yes me?

A few options. (2, Insightful)

Knight Thrasher (766792) | more than 9 years ago | (#13225199)

Places like Stealth Surfer ( http://stealthsurfer.biz/anonymous_email.html [stealthsurfer.biz] ) offer off-shore anonymous and encrypted email addresses, free of cost. Usage of free and public computers, such as public librarys and even Wifi hotspots, can help cover tracks. But sometimes it all depends on how determined someone is to invade your network. The most secure computer is one not connected to the internet - that's why I recommend AOL Dialup! You'll never be exposed to the internet again!

Simple: (1)

Anonymous Crowhead (577505) | more than 9 years ago | (#13225202)

Don't use IT.

In... (0)

Anonymous Coward | more than 9 years ago | (#13225204)

In Soviet Russia prosecutors hide YOU!

diy (1)

drewfuss (872683) | more than 9 years ago | (#13225206)

I suggest that reporters: 1) use their own laptops. 2) use their own email addresses with their own domain. 3) host their domain and email on a server that they own or with a company that will not turn over their records and/or not be subject to US law. 3) always access their email accounts over encrypted connections. On the other end, the source can make himself anonymous. I would suggest reporters encourage their sources to use a free email service like yahoo and always access the emails service using multiple web proxy servers, and publicly accessible connections. Obviously they would need to establish some code to identify the authenticity of the source to the reporter.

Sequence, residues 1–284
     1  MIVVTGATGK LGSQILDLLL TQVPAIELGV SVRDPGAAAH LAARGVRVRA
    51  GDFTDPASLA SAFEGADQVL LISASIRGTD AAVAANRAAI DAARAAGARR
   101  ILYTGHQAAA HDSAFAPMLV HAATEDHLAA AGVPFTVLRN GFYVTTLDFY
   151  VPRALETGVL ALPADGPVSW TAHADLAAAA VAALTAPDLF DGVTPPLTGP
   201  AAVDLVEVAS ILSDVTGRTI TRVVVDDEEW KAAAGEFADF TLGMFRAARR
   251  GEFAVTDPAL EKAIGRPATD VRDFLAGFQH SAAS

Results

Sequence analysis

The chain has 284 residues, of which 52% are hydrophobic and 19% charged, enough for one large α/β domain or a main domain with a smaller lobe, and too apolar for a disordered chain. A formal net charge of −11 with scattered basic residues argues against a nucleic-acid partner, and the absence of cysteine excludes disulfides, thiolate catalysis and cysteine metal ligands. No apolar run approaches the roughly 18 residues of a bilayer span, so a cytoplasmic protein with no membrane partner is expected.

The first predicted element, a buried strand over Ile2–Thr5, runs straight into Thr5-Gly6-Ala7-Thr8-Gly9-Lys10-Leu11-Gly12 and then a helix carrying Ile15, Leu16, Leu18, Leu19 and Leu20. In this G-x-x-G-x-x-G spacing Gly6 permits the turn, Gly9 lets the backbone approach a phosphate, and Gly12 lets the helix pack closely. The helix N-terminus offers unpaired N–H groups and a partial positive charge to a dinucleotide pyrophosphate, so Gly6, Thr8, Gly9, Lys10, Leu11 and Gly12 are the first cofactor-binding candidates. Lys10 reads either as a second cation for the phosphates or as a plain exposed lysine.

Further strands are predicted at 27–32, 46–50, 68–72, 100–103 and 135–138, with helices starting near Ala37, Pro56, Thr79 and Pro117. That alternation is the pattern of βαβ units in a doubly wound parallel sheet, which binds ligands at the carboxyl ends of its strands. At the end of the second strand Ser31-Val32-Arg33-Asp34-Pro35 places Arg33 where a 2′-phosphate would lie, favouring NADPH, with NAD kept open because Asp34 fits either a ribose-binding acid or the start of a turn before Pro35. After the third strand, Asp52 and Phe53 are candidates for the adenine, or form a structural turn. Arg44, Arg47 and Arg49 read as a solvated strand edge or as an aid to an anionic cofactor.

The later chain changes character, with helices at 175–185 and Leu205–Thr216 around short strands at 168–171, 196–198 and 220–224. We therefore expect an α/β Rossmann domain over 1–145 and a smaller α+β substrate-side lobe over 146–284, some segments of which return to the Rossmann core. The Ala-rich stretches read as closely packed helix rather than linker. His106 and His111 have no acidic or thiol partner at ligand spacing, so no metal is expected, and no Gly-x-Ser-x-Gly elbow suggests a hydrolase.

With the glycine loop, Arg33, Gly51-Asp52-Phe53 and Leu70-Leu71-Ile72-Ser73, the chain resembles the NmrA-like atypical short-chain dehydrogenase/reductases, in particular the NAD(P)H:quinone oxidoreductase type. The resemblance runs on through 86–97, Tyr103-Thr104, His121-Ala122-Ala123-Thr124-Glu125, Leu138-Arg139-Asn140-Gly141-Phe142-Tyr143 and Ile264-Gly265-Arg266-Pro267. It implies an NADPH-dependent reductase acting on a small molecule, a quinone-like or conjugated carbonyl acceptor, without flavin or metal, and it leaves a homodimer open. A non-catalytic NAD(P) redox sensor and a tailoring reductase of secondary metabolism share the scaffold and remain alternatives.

Re:diy (1)

Pyrowolf (877012) | more than 9 years ago | (#13225405)

Uh, I think that's one two many threes. Regardless, it sounds like it would be a bit convoluted and confusing, with the exception of somewhat tech-savvy sources. The hard part would be striking a balance between secure and overly complex.

Easy...set up nym accounts.. (2, Interesting)

cayenne8 (626475) | more than 9 years ago | (#13225208)